As businesses struggle to bring new workers into the fold, they face another challenge: keeping the workers they already have.
Today’s workforce is on the move. According to a recent PricewaterhouseCoopers survey, 65 percent of responding employees say they are looking for a new job. Called the Great Resignation by economists and fueled by the pandemic, people are leaving their jobs for a more fulfilling or flexible position even if they don’t have another job lined up.
“Let’s be real. The pandemic led more people to take a closer look at their life and what they’re doing,” says Bill Marklein, founder of Employ Humanity in Plymouth. “More people are thinking, ‘How does my work fit into what I want?’”
If that wasn’t enough to contend with, large numbers of baby boomers are also retiring. An estimated 10,000 boomers retire each day in the United States — which was accelerated by the pandemic as some workers decided it was time to step away. In 2020, it is estimated that an additional 1 million baby boomers entered retirement due to the pandemic.
“COVID is concerning for many individuals, but for those with underlying health issues with customer-facing positions, it is a heightened worry and has resulted in some individuals stepping into retirement earlier than they otherwise may have to protect their personal health and well-being,” says Julia Johnson, director of talent management consulting for Wipfli. “The labor shortage has already created disruption in the workplace.”
Taking a closer look at demographics, Johnson says the worker shortage began several years ago as boomers began hitting age 65.
“The boomer generation was followed by the much smaller Generation X, causing pressures on the availability of workers as early as 2012, according to some resources. Each passing year is causing employers to feel the intensified pressure of that labor shortage,” she says. “Finding and retaining good workers is challenging. The labor shortage isn’t going away anytime soon. Projections indicate that we will continue to experience labor shortages for at least the next 10 to 15 years.”
So, what can employers do to keep the employees they have while also looking to add new ones?
Marklein says one way to keep workers from leaving is to embrace employee development programs.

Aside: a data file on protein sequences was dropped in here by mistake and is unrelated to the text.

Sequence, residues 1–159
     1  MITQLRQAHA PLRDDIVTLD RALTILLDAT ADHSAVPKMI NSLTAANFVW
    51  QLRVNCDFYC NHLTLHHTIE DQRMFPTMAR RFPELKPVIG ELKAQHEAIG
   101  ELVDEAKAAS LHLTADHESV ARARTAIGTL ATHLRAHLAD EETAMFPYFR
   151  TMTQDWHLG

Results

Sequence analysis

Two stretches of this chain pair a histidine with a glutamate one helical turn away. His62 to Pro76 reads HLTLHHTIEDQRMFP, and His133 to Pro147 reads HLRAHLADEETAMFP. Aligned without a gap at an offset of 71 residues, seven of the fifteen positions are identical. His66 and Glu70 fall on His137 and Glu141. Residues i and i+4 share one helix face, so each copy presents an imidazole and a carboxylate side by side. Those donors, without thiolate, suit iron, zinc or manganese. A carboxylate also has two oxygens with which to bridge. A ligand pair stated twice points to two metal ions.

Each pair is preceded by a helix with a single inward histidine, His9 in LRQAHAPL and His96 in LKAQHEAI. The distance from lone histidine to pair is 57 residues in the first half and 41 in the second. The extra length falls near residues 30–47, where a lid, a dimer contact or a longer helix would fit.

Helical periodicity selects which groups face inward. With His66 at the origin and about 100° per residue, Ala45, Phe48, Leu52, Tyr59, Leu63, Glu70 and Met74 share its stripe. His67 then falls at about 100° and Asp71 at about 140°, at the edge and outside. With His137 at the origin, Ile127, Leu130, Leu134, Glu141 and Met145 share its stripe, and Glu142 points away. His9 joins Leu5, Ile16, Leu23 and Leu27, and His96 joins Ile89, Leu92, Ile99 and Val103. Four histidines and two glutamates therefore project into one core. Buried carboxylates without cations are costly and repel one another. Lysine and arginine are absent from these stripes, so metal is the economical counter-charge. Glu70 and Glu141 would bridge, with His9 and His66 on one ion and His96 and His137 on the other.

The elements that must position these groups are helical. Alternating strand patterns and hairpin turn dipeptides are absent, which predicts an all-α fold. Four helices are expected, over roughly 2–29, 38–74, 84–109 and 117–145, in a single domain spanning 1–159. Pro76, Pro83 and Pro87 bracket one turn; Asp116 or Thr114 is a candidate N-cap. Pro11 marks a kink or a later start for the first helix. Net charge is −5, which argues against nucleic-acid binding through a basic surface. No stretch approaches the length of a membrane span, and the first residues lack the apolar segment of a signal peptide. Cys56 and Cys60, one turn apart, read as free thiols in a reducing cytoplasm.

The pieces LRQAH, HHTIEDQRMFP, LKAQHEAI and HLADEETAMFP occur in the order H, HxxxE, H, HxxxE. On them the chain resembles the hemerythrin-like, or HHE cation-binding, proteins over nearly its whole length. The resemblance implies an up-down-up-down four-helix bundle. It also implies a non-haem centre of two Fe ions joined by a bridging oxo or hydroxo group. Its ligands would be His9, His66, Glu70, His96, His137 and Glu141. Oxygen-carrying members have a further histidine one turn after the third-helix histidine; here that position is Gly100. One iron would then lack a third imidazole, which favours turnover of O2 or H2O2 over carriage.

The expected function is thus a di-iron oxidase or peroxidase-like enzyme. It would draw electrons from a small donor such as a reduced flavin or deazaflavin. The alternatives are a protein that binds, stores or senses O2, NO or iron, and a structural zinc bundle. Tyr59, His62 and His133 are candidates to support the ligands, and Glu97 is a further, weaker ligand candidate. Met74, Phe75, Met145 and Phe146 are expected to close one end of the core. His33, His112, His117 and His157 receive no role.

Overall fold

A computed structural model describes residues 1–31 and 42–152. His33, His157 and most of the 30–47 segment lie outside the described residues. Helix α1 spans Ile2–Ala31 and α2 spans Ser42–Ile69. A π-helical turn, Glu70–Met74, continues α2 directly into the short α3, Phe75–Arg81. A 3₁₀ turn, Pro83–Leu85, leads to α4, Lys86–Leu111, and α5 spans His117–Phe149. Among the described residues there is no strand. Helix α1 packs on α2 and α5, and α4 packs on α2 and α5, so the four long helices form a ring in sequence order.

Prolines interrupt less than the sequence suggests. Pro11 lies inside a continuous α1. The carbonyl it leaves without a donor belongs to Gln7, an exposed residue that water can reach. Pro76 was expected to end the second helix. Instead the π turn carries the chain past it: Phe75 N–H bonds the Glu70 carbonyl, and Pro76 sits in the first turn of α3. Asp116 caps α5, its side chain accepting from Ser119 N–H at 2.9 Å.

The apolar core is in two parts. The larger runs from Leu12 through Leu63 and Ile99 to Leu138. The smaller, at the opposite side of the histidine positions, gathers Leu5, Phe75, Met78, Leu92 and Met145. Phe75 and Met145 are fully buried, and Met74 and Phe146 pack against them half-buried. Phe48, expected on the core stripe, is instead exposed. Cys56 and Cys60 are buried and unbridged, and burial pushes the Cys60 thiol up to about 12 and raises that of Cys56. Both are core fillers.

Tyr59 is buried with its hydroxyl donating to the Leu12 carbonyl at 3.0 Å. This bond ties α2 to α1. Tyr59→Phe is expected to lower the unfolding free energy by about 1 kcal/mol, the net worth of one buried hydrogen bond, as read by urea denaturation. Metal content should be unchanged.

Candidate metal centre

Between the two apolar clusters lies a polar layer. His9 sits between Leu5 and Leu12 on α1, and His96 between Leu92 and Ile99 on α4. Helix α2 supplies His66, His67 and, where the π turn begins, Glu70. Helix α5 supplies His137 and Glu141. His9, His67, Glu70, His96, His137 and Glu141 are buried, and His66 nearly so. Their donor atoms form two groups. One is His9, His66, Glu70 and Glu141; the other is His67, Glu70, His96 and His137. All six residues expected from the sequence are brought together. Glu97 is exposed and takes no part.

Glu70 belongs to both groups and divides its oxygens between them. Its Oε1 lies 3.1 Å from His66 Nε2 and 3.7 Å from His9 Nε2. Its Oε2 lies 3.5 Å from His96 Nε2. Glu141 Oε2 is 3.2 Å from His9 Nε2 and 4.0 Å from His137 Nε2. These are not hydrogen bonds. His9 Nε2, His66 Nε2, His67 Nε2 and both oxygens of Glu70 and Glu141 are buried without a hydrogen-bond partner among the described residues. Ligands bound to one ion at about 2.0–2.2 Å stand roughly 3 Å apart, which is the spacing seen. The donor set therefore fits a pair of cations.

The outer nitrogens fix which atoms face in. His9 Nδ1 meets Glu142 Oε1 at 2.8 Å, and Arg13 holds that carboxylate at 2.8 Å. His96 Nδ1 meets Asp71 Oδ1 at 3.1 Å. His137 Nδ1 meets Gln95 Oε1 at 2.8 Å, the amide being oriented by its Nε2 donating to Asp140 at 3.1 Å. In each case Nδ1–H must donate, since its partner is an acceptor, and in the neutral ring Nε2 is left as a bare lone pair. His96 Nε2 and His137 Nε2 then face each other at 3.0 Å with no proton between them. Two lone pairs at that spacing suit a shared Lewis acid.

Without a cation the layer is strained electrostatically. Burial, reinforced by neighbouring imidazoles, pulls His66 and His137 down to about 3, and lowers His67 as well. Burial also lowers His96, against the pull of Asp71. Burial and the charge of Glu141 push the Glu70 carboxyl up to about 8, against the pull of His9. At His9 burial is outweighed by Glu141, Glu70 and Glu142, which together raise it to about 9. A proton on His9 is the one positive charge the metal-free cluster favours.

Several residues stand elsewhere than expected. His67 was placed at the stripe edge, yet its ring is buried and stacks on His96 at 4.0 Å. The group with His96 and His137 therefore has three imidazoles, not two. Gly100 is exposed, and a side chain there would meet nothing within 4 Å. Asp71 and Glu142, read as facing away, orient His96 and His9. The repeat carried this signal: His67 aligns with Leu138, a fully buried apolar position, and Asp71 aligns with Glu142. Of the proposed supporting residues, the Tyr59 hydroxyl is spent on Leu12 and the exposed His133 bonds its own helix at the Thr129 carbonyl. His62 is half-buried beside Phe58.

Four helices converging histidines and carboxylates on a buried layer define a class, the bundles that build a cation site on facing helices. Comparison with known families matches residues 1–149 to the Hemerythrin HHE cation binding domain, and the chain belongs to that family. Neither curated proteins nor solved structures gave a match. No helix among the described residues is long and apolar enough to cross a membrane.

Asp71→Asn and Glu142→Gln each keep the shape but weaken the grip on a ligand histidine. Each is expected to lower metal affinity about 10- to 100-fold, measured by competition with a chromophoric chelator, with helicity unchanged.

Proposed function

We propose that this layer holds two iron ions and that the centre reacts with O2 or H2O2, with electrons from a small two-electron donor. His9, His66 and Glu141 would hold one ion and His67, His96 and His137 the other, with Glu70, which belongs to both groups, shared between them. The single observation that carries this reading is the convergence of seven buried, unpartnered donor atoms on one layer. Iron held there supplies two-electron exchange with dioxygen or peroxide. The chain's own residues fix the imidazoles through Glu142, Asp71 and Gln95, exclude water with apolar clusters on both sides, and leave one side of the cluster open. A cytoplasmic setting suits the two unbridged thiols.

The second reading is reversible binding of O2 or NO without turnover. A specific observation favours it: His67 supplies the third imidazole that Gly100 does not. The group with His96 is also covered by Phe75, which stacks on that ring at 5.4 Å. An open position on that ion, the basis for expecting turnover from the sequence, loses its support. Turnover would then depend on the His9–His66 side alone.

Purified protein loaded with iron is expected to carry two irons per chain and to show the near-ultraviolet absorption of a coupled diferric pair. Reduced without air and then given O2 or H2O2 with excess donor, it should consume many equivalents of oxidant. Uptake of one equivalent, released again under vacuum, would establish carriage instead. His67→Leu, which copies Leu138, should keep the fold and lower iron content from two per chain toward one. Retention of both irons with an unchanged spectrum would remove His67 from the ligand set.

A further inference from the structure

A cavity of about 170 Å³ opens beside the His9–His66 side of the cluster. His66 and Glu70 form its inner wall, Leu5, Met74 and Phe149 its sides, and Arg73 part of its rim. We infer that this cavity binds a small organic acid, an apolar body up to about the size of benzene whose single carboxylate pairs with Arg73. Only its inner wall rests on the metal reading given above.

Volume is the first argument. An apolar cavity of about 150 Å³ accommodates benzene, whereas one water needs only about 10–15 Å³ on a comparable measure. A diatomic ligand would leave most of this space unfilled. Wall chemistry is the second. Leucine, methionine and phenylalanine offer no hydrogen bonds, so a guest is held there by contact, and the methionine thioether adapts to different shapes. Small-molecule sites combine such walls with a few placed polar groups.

“The programs shouldn’t just be about learning new skills to advance in the workplace, although those are good. They also need to take a holistic approach,” he says. “Perhaps offer some classes or workshops on finances or some emotional wellness programs. When employees feel appreciated and cared for, they feel valued and tend to stick around longer.”
Employees usually perform better when not worrying about other factors of their life, whether it’s finding child care or worrying about their debt, Marklein says. “By helping to answer some of their concerns, they will perform better,” he says. “It just makes sense to do that.”
Johnson says employers need to do what they can to become an employer of choice and to enhance the employee experience. Whether it’s through having effective management teams, higher pay, more flexibility, an improved culture or offering a comfortable, modern workplace, she says businesses need to stand out from their competition.
“Businesses need to understand that the expectations of today’s employees are different. Not all employees are looking for that full-time, 40-hour- or-more hours per week opportunity. Work-life effectiveness is important for many — regardless of generation — to balance the many demands of their personal and professional lives,” Johnson says. “Employees are very much interested in and are asking for alternative work arrangements including a flexible schedule, part-time hours, job sharing, hybrid work environments and more.”
She adds some workers will take a job with lower compensation if it provides them with greater flexibility.
“Employers who are too rigid in their hours may scare off some potential job recruits since there is so much demand out there for workers,” Johnson says.
Workers also are looking to be inspired, whether it’s by a good leader or core values that help them feel like they are making a difference, Marklein says.
“Some businesses have their core values built into who they are and those companies not only tend to do well, they also keep their employees longer,” he says. “If you invest in your talent and take care of them, they will want to stay.”
Johnson says culture is essential in attracting and retaining employees. “When people leave their jobs, it’s usually because of a poor culture and ineffective leadership, not simply because of compensation.” she says.
“Organizations also need to showcase what makes them different — it is about the total employee experience.”